Cardiac MRI > Technique > Contrast Agents

Contrast Agents

MRI is sometimes performed with the use of intravenous contrast agents to enhance the signal of pathology or to better visualize the blood pool or vessels. Most MRI contrast agents are gadolinium chelates. The paramagnetic effect of gadolinium causes a shortening of T1 relaxation time, thus causing areas with gadolinium to be bright on T1-weighted images. Contrast agent is used in Cardiac MRI for evaluation of myocardial perfusion, delayed enhanced imaging (myocardial infarctions, myocarditis, infiltrative processes), differentiation of intracardiac masses (neoplasm vs. thrombus) and to opacity blood vessels in MR angiography (MRA).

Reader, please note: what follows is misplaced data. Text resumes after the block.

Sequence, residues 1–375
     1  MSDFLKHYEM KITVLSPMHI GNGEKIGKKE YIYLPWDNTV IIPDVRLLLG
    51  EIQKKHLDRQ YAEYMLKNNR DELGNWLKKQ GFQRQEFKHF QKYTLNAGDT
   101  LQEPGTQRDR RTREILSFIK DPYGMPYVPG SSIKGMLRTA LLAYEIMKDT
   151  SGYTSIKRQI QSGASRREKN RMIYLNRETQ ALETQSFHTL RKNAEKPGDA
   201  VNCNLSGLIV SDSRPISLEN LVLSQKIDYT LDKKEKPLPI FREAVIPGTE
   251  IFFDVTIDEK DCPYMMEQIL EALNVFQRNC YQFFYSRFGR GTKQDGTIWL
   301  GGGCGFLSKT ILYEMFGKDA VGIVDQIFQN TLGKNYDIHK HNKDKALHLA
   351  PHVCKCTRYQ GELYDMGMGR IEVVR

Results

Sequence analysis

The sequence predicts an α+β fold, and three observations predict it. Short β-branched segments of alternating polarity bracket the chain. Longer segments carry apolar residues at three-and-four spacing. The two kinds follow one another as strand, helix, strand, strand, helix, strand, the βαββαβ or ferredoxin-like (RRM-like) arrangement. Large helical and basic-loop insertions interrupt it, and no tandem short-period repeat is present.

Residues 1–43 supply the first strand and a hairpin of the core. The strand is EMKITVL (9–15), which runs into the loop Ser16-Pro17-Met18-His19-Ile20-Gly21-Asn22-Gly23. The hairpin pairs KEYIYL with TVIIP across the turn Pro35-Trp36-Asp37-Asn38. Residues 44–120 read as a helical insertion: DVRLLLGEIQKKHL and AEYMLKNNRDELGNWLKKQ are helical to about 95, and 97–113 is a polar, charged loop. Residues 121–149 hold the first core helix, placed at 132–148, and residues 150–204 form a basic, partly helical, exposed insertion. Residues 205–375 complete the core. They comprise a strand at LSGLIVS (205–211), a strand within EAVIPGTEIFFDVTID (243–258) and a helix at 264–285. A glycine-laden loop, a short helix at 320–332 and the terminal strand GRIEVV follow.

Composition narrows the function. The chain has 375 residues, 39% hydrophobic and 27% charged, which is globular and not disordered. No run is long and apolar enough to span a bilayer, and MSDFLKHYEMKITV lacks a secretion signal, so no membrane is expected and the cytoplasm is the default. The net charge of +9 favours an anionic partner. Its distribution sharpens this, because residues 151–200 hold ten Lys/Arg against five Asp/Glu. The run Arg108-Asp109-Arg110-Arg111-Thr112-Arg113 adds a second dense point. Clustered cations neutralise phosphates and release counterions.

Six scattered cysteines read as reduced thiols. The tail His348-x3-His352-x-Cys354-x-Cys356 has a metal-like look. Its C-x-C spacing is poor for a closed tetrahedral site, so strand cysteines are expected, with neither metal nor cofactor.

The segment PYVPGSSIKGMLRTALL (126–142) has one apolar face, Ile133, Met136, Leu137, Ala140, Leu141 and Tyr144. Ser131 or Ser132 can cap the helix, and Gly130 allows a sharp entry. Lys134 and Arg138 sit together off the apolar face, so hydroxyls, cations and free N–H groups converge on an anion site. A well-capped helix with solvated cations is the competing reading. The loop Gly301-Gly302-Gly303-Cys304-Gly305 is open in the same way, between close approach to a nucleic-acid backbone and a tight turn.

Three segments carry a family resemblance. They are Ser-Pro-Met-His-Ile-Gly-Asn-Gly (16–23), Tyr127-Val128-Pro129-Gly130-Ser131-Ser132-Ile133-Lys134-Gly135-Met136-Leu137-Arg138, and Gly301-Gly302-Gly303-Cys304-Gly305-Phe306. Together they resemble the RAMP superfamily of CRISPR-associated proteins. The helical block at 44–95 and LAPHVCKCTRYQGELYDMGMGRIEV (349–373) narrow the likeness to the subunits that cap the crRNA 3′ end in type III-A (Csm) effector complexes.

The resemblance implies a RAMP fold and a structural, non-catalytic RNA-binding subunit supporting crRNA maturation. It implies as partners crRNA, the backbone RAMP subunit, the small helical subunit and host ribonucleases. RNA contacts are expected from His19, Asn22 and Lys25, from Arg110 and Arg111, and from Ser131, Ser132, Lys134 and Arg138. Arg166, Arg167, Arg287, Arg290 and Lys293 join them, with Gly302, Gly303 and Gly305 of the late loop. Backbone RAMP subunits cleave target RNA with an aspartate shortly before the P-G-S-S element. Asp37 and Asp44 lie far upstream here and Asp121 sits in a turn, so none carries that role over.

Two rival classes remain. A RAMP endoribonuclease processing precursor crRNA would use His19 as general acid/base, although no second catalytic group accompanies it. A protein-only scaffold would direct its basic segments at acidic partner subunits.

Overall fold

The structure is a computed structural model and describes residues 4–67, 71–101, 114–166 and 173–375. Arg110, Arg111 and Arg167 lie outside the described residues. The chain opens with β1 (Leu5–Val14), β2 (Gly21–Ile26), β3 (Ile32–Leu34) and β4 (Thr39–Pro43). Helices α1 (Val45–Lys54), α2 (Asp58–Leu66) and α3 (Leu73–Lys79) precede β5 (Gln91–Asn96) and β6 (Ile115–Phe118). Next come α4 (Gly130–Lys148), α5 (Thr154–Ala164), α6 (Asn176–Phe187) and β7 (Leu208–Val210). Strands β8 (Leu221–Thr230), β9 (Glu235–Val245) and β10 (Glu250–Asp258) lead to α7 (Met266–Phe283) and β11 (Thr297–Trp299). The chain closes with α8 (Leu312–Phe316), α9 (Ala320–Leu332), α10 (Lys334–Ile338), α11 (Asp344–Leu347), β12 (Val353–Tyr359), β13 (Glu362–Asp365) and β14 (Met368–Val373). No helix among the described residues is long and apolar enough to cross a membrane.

A single dose of Gadolinium is 0.1 mmol/kg, which is 0.2 cc/kg for most common Gadolinium preparations (0.5 mmol/cc).  A double dose is twice that: 0.2 mmol/kg or 0.4 cc/kg.  Below is a table for typical doses used in cardiac MR:

Application

Gadolinium Dose (cc/kg)

Perfusion

0.15

Delayed Enhancement

0.3

MR angiography

0.4

The above cine demonstrates gadolinium first pass imaging. Gadolinium contrast agent is injected into an upper extremity vein and quickly progresses sequentially through the right heart, the pulmonary arteries, pulmonary veins, left heart and aorta. After contrasted blood enters the aorta, the myocardium begins to enhance due to perfusion from the coronary arteries. This patient has a myxoma which is an intracardiac tumor represented by the dark area within the left atrium which slowly enhances after the myocardium.

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